This week the First Minister and I met victims, witnesses, their families and supporters to discuss our Victims, Witnesses and Justice Reform Bill – one of the most bold and ambitious pieces of legislation to be considered by the Scottish Parliament since devolution.

I was hugely moved by their stories of courage and determination to seek justice and to be adequately supported while doing so. This Bill is a testament to their years of campaigning as well as extensive engagement, consultation and evidence gathering.

The Bill will help put victims at the heart of the justice system. It proposes establishing an independent Commissioner to ensure victims and witnesses are listened to and that justice agencies do not add to the trauma they have already endured.

To ensure that victims are treated with greater compassion and dignity, the Bill will create a specialist sexual offences court and give victims of such crimes an automatic right to lifelong anonymity, and in some cases, free legal representation.

By abolishing the not proven verdict – a move which all Holyrood political parties committed to in their manifestos for the 2021 Scottish parliament elections – and reducing the number of jurors, while increasing the majority required for conviction, this Bill will modernise and ensure greater confidence in the justice system.

This Bill also proposes action to investigate in a practical way the large disparity in conviction rates in rape compared with other crimes. In 2020-21, 51% of individuals prosecuted for rape and attempted rape were convicted, compared to a conviction rate of 91% for other offences.

To do that, piloting single judge rape trials was recommended by a cross-sector Review Group led by Lady Dorrian, Scotland’s second most senior judge, and we have worked closely with stakeholders including the legal sector on the proposals.

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There is overwhelming evidence that jurors are subject to preconceptions about rape. This includes myths such as victims would seek to escape or resist a rapist, that they would immediately report an offence once it happened and that previous sexual contact between a complainer and an accused means they must have consented.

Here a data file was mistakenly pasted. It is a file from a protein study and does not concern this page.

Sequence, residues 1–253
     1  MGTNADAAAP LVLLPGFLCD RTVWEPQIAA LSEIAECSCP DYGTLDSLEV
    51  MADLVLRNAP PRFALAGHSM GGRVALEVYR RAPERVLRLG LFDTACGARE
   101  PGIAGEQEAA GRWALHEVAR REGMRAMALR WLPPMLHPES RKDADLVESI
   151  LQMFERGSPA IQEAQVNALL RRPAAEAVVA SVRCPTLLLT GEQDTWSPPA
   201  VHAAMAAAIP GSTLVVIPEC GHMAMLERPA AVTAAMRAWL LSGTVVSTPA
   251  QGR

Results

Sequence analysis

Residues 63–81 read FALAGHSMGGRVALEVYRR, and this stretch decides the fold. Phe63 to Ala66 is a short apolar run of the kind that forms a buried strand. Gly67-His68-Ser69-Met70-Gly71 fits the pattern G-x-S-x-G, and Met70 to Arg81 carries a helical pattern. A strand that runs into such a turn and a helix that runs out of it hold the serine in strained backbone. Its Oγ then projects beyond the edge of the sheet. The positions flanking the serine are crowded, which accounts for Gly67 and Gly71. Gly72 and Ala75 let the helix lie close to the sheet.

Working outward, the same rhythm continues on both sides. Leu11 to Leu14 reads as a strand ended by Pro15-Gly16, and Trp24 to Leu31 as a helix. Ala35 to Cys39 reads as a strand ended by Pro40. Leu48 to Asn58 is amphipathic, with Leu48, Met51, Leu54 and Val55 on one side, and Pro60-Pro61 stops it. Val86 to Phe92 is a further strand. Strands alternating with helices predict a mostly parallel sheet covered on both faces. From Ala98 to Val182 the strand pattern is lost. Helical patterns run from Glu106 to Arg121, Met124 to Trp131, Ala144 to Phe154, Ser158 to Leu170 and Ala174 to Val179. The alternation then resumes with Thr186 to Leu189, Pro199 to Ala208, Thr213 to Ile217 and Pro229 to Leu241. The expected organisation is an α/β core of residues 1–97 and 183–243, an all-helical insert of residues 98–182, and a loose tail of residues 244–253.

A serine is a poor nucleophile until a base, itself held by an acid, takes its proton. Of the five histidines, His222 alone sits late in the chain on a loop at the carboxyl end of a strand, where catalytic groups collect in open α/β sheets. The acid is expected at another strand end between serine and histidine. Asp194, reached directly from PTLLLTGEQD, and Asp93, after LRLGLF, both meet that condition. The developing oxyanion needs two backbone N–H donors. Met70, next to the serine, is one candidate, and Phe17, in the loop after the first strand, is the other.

The research shows that these preconceptions, which do not apply to other crimes, can be carried into the jury’s deliberations, and can impact the verdicts they reach in these cases.

A time limited pilot for these cases will gather objective evidence to inform debate. This idea is not a wholly new departure  - more than 80% of all criminal trials in Scotland are already decided by a single judge without a jury. Using judges to make decisions in the proposed pilot means we can also require them to produce written reasons for their verdicts, improving transparency and assisting victims as well as the accused.

I pay tribute to the incredible efforts of victims, survivors, witnesses, and their families who have campaigned for years for many of the reforms proposed within the Bill.

Compassionate and informed debate in Parliament will be critical as we embark on this journey, and the continued involvement of all those campaigners will absolutely help us to secure its passage through the Parliament.

What is being set out is paradigm shifting. But so much of Scotland’s justice system – designed over centuries – is now out-of-date and retraumatising for too many victims. The status-quo is no longer an option.